Everyone! Every leader comes from our church seats. Every future leader needs to be encouraged and prayed for and trained. Titus is given the responsibility of actually appointing these people. Titus was like a Bishop in Crete. He laid hands on them and this is the role of a Bishop in our church today also. But each one of us has the responsibility of putting leaders forward for appointment. Then they are tested by the elders of the church as to whether they are fit for life-long ministry in God's Church.

Why do we do lord’s supper?

Jesus ate the Lord's Supper with his disciples as a final meal with them before his crucifixion. For one account of this, see Luke 22. Jesus calls on his disciples to do this regularly - to remember him. And this is the key - it is a meal of remembrance of what Jesus has done. The early church then continued to do this. See 1 Corinthians 11. This gives us a picture of the Lord's Supper being a regular meal of God's people, remembering the work of Jesus - his life and death and resurrection. At St Phil's and St mark;'s, we celebrate this meal of remembrance about once a month.

it is one of our two "sacraments" in the Anglican Church. Baptism and the Lord's Supper are the two ceremonies that we were commanded to continue doing by Jesus. They are outward, physical signs that point us towards the inward, spiritual grace we have been shown by Jesus.

Many church leaders are found to be abusers in church. How can we trust them?

This is a difficult question. Many PEOPLE in our world are found to be abusers. How do we trust anyone? Teachers, police, doctors, ministers, politicians... I truly believe that what Paul writes to Timothy is to remind us that the standard is higher for leaders in God's church. Once trust is broken, it can take a long time to heal. That is why we need to keep the bar of expectations high for church leaders and be vigilant for abusive behaviour. All I can say is that over the past 20 years, I have seen our Church (Anglican Church in Sydney) do this better than in the past. But we have a long way to go. The key is good recruitment. We need to recruit people into ministry who are of godly character. Character always trumps charisma or competency. Leaders are not perfect, of course, but when they break trust, the consequences are, and should be, much more severe for the sake of the integrity of the gospel. There are many things that may disqualify someone for leadership in the church that will not necessarily disqualify them for leadership outside the church, such as sexual infidelity.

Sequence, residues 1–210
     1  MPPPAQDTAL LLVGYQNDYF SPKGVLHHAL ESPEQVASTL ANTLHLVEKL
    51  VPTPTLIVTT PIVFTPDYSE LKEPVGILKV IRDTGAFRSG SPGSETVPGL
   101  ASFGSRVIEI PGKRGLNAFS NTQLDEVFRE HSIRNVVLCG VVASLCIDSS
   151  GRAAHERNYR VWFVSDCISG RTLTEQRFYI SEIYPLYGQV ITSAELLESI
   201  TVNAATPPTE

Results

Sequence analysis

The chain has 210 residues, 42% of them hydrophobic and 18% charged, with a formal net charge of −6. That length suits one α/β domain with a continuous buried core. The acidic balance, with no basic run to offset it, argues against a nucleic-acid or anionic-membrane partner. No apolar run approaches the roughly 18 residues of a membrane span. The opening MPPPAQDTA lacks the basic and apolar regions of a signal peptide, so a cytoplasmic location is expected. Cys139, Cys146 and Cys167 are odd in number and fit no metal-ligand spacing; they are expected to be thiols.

In short, we build trust with our leaders, one at a time. Sadly, when one leader breaks trust it affects us all. Pray, and be vigilant. We can be forgiving, but even forgiveness does not always mean someone is able to continue in leadership in the Church. Trust each leader by evaluating their life and teaching closely.

In our culture men & women lead eg Jacinda Ardern & Ursula von der Leyen. Titus 1 has only men. How do we reconcile this? How does a seeker understand this?

Great question. Yes. There is no doubt that this list of characteristics applies actually to all Christians. They are the minimum bar for leaders. And integrity is not gender-specific! However, in this particular passage, it seems Paul is talking to Titus about overseers of churches. That is, those who have the responsibility over a whole church family.

In our Anglican Church, men and women share the ministry across every area of church life. This is sadly not the case in many churches. However, the senior minister position (the overseer of all congregations) has been set apart as a position of sacrificial responsibility for men. I personally believe this is a biblical model in terms of oversight and responsibility that is reflective of a family. However, I do recognise some believe differently on this. You can find more information about our church understanding on our webpage: https://stphils.org.au/about/women-in-ministry

This is not the easiest question to answer in a short Q&A but I do invite anyone anytime to email me and arrange a time to chat more about this. It is complex and there are many aspects to consider, including the many difficult passages in the letters to the Corinthians and to Timothy.

Click here to watch the questions answered during our live Q&A after the sermon at night church last Sunday.